"Their gold coverings and their polished surfaces so plainly reflected my own excited visage that it seemed as though I was looking into the faces of my own ancestors. The gilt face on the coffin of the amiable Queen Nofretari seemed to smile upon me like an old acquaintance.

"I took in the situation quickly, with a gasp, and hurried to the open air lest I should be overcome and the glorious prize still unrevealed be lost to science.

"It was almost sunset then. Already the odor which arose from the tomb had cajoled a troupe of slinking jackals to the neighborhood, and the howl of hyenas was heard not far distant. A long line of vultures sat upon the highest pinnacles of the cliffs near by, ready for their hateful work.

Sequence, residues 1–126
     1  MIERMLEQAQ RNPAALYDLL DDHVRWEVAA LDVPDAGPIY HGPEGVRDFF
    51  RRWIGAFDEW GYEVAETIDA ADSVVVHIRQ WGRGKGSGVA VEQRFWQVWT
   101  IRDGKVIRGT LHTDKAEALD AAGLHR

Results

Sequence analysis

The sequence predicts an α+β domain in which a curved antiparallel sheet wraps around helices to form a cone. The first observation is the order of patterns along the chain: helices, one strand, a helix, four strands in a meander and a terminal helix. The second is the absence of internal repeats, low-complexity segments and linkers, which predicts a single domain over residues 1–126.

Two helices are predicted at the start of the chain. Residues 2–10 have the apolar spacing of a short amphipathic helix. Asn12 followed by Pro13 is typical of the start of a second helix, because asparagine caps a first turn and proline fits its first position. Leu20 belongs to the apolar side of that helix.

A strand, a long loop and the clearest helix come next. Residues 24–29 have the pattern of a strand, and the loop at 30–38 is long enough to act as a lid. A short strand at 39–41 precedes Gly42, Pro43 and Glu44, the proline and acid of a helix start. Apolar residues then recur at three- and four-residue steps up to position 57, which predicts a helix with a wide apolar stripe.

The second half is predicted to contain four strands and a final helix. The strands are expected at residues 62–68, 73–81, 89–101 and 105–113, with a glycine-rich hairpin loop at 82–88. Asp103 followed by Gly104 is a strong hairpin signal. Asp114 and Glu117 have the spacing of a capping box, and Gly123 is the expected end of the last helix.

"The valley was as still as death. Nearly the whole of the night was occupied in hiring men to help remove the precious relics from their hiding-place. There was but little sleep in Luxor that night. Early the next morning three hundred Arabs were employed under my direction each one a thief. One by one the coffins were hoisted to the surface, were securely sewed up in sail-cloth and matting, and then were carried across the plain of Thebes to the steamers awaiting them at Luxor.